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## Algebra I (2018 edition)

### Course: Algebra I (2018 edition) > Unit 15

Lesson 7: Factoring polynomials with quadratic forms- Factoring quadratics: common factor + grouping
- Factoring quadratics: negative common factor + grouping
- Factor polynomials: quadratic methods
- Factoring two-variable quadratics
- Factoring two-variable quadratics: rearranging
- Factoring two-variable quadratics: grouping
- Factor polynomials: quadratic methods (challenge)

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# Factoring quadratics: negative common factor + grouping

Sal factors -12f^2-38f+22 as -2(2f-1)(3f+11). Created by Sal Khan and Monterey Institute for Technology and Education.

## Want to join the conversation?

- This isn't in the video, but I don't know where else to ask it:

While doing the exercise, I got -7x²-10x-3, and I simplified it like

-7x² - 10x - 3

-7x² (-7x - 3x) - 3

(-7x² -7x) (-3x-3)

-7x(x) -3(x)

x(-7x-3)

According to the test, this was wrong. Can someone explain why?(11 votes)- When you factored, you dropped you constant term. Here is the correct way to do it:

-7x² - 10x - 3

− (7x² + 10x + 3)

− (7x² + 7x + 3x + 3)

− [(7x(x + 1) + 3(x + 1)]

− (x+1)(7x + 3)(21 votes)

- i got -2(-3x-11)(2x-1) is that correct?(4 votes)
- Close, you made two small errors.

The variable was an f and you changed it to a x. No big deal, but you the letter in the answer shoudl still be f.

and second, your (-3x-11) shoudl be (+3f-11) the sign on the 3 should be positive.

Check you work and see where you missed the sign.

Good luck(6 votes)

- is there any other way to solve the problem besides writing it out?(2 votes)
- This might be a weird question but how would you solve for what f is??(5 votes)
- The problem in the video is an expression, not an equation. We can't solve expressions.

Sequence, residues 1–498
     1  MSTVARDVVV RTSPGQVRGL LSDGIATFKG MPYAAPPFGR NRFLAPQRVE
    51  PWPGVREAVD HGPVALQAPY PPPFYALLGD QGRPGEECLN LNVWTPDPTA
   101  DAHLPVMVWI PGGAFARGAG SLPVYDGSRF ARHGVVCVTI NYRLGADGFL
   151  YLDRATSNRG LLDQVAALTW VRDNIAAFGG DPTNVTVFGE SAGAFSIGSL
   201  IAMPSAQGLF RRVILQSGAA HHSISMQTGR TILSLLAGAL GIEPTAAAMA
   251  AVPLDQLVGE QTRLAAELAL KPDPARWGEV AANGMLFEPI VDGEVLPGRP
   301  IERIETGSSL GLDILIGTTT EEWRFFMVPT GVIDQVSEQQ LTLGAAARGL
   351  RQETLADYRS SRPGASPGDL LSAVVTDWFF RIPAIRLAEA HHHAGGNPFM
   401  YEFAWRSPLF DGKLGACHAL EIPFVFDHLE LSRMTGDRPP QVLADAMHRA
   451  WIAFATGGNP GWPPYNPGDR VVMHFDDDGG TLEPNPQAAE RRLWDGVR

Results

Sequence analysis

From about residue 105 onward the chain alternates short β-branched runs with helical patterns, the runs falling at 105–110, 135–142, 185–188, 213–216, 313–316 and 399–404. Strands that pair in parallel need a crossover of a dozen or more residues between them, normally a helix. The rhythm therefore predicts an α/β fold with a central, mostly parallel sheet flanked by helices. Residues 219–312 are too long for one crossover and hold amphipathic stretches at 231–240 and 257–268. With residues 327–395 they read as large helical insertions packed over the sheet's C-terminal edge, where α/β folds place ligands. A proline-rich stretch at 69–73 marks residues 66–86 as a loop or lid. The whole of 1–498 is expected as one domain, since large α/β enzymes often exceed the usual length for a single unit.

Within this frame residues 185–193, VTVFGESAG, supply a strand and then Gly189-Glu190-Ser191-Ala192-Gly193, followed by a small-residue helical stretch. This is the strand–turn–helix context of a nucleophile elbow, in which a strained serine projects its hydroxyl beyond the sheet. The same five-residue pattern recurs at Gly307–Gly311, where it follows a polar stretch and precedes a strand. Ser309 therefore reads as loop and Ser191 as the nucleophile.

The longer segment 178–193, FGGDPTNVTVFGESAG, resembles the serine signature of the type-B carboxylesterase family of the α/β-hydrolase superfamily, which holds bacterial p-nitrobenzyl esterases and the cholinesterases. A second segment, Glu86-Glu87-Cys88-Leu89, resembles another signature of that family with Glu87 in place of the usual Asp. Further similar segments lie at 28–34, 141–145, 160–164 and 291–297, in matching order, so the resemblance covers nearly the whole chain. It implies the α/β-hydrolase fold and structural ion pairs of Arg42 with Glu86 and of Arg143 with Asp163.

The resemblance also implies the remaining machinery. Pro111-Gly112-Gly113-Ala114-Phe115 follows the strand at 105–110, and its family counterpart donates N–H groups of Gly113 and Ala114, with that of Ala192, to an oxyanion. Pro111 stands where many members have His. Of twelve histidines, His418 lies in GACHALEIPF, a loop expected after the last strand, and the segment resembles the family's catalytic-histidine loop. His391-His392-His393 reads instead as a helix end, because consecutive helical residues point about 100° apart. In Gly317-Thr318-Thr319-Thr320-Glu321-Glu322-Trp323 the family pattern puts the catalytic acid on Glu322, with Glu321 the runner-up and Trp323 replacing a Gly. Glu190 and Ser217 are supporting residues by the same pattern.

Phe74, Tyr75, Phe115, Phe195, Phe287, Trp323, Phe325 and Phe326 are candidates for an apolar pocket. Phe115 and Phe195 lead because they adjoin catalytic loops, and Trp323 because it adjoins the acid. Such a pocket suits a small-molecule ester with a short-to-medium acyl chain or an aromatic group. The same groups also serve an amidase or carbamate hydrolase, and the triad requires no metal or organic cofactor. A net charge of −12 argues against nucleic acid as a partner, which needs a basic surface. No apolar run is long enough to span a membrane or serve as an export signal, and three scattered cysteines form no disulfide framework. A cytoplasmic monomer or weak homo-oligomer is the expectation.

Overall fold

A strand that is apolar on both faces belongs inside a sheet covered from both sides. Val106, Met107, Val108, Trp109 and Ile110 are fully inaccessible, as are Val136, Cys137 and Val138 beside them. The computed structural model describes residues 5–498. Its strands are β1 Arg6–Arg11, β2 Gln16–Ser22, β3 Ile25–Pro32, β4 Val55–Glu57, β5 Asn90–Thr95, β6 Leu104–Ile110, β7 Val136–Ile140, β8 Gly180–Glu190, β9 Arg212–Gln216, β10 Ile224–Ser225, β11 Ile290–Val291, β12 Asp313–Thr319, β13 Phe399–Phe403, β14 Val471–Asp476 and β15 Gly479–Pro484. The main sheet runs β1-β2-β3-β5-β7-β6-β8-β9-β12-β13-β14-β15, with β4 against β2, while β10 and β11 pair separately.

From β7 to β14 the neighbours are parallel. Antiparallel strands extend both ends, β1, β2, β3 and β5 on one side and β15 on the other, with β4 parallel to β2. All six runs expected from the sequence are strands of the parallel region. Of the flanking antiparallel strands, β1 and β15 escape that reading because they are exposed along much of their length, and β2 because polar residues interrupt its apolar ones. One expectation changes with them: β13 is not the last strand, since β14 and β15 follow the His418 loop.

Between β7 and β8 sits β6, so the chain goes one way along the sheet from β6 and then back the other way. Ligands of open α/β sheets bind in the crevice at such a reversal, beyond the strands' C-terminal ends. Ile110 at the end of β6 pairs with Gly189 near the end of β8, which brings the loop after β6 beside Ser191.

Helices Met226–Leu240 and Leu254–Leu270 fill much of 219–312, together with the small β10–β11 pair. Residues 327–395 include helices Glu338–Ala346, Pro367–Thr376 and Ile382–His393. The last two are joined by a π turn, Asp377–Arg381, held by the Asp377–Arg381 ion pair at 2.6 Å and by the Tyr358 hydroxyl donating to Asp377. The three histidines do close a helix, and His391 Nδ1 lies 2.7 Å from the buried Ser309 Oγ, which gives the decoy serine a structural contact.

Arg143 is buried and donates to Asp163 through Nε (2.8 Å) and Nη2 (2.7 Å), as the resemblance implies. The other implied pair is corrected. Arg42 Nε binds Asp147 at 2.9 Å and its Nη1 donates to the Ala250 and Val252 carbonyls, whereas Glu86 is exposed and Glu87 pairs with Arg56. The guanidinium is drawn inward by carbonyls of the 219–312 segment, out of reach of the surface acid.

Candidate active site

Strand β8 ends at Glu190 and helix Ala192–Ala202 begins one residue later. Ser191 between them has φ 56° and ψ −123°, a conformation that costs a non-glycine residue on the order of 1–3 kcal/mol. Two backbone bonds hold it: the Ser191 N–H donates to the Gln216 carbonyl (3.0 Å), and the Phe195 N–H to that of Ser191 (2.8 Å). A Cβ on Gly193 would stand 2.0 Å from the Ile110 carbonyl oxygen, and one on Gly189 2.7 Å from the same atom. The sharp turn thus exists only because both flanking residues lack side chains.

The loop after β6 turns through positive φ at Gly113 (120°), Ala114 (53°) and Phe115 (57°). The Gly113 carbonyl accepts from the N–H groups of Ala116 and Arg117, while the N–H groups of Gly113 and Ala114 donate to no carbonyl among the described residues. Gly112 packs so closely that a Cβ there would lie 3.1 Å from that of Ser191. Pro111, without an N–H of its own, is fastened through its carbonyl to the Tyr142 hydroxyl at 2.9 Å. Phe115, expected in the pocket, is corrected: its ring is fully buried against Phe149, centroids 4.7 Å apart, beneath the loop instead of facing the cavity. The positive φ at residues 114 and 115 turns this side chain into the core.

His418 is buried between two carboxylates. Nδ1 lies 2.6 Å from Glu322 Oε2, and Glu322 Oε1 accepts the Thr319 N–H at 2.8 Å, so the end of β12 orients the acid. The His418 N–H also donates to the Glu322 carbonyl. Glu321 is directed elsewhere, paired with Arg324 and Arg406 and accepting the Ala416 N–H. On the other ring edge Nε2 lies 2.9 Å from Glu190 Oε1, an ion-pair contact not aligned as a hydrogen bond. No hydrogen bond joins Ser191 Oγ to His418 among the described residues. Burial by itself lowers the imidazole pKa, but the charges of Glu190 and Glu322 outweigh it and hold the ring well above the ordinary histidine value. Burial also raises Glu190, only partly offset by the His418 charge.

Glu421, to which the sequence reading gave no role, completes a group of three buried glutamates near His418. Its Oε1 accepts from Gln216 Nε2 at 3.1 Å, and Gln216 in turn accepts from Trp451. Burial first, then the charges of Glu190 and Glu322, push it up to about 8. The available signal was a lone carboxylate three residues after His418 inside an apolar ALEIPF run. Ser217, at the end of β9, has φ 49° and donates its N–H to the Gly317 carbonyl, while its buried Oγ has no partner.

However, if the problem had started out as:

-12f^2-38f+22 = 0, then we could solve for "f".

This is a quadratic equation.

1) Factor (as shown in the video): -2(2f-1)(3f+11) = 0

2) Then we use the zero product rule that let's us split the factors into individual equations:

2f-1=0 and 3f+11=0.

Note, we ignore the -2 factor because it will not create a solution.

3) We then solve each individual equation:

2f-1=0 creates f=1/2

3f+11=0 creates f= -11/3

For more info on solving - see https://www.khanacademy.org/math/algebra/x2f8bb11595b61c86:quadratic-functions-equations/x2f8bb11595b61c86:factored-form-quadratics/v/zero-product-property(3 votes)

- i have a question that is (x+2)^2 - (x+2) - 42 does this go to 4x^2 - 2x - 42? and if so what do i do then?(3 votes)
- You can substitute a plain x for (x+2) and factor first to make it easier, but then you have to replace it back. So it becomes x^2-x-42. Then facor that: (x-7)(x+6)then plug the (x+2) back in for the x.

(x+2-7)(x+2+6)= (x-5)(x+8)ANSWER

If you multiply (x+2)^2 first it equals x^2+4x+4 not 4x^2 so be careful and remember to foil. This method is more work, but it would be x^2+4x+4-x-2-42

after simplifying it would be x^2+3x-40. Then factor to (x+8)(x-5) ANSWER(4 votes)

- Is there any way to do this a little faster? It takes a lot of time to do, and I have a time limit on all of my tests and quizzes.(3 votes)
- Just practice a lot! Once you really understand it, (you still have to do each step) you can do the steps faster. From experience, I can say that after doing these for about a week or so, I've really gotten the hang of it, from doing about 20+ factoring polynomials a day! Hope this helps!(3 votes)

- At1:22, Mr.Khan says to try a few numbers that add to 19 and multiply to -66. This works for small numbers, but what about if you have a really LARGE quadratic to factor? Then it would take a very long time to find the 2 numbers. I have been searching up methods, and the quickest one I found was the prime factorization method. However, this is still taking too long. My quadratic I am trying to factor is 84x^2+181x-90. Multiplying the 84 and -90 gets me to 7260, but it is taking me too long to figure out what 2 numbers multiply to that and add to 181. I am looking for a method I can use to factor these really fast because in my math counts competition I cant spend forever on one question.

Thanks!(3 votes) - Why does a times b have to be -66 and a + b have to be 19?(3 votes)
- This is just a little tool we use to make sure that the our numbers will fit neatly inside each other in the next step. Sal goes in depth on this in some earlier videos on factoring: https://www.khanacademy.org/math/algebra/x2f8bb11595b61c86:quadratics-multiplying-factoring/x2f8bb11595b61c86:intro-factoring/v/factors-and-divisibility-in-algebra?modal=1(2 votes)

- I got -2(-3f-11)(-2f+1). Does anyone care to share why this differs from Sal's presumably optimal answer?(2 votes)
- You have extra factors of -1 applied to both your binomials. This is why your signs are different. If you factor out those -1's, you can get to Sal's version

-3f-11 = -1(3f+11)

-2f+1 = -1(2f-1)

You now have: -2(-1)(-1)(3f+11)(2f-1)